As soon as the opposition came to power, people changed their attitude toward it. On the eve of the early presidential elections, Mikhail Saakashvili met members of the Azeri diaspora and asked for support. In Kvemo Kartli he won the absolute majority of votes.35 The province supported Saakashvili’s election bloc, National Movement—Democrats, with 76 percent of the votes in the early parliamentary elections of 28 March, 2004.36 When in power, Shevardnadze won a similar share of the votes. The local Azerbaijanis themselves explained that the far from simple relations between the largest ethnic minority and the central authorities were behind their loyalty. They said that they feared the opposition could change its opinion and forget about them, so they preferred to support the central authorities.37
Two Names for One Village
Local toponyms are very important for the Azerbaijanis of the Bolnisi District of Kvemo Kartli. Early in the 1990s, under nationalist pressure, the Azerbaijani names of all villages were replaced with Georgian ones. Those who represented Shevardnadze in the province were convinced that the 35 changed names of Azerbaijani villages (this happened in 1993) never bothered the local people.38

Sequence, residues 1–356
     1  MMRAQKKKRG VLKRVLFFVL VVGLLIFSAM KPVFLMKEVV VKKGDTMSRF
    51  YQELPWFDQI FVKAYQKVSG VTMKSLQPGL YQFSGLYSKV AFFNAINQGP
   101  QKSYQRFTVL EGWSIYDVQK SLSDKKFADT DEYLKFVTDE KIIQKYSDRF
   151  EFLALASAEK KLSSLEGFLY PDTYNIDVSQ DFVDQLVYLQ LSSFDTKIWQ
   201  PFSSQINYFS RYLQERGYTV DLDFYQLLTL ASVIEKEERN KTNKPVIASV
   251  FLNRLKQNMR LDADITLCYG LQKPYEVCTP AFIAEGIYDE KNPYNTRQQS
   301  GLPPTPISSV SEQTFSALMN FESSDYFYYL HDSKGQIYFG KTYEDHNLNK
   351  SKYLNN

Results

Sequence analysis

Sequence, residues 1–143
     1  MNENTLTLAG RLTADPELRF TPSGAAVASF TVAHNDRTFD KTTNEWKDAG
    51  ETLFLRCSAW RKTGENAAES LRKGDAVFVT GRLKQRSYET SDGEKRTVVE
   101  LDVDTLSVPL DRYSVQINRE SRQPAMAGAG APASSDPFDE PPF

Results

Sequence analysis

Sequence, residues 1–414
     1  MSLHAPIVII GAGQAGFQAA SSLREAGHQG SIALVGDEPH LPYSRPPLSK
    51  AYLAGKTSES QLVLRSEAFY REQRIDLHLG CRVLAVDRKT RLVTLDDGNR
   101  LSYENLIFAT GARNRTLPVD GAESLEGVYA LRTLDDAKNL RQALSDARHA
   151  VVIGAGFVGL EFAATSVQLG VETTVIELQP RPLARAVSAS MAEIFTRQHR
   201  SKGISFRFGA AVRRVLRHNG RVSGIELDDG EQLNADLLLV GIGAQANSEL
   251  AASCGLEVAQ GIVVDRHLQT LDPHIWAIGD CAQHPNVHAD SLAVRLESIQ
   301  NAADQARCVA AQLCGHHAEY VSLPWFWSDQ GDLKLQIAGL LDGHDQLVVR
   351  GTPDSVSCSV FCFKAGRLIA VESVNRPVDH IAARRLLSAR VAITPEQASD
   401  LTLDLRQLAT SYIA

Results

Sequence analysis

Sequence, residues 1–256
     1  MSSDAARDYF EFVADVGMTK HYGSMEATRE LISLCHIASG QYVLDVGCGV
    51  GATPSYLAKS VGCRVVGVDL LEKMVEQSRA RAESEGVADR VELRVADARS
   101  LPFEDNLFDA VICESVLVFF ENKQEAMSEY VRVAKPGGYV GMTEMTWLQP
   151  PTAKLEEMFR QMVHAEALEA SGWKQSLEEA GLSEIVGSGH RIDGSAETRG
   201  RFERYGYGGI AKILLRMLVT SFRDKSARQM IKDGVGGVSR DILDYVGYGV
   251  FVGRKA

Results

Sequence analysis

Today, many villages and rivers have two names39: an official (Georgian) and an unofficial (Azerbaijani) used by the local people. This, naturally, causes problems. The locals are convinced that in this way the central authorities are trying to deprive them of their historical memory, which cannot but hamper their further integration.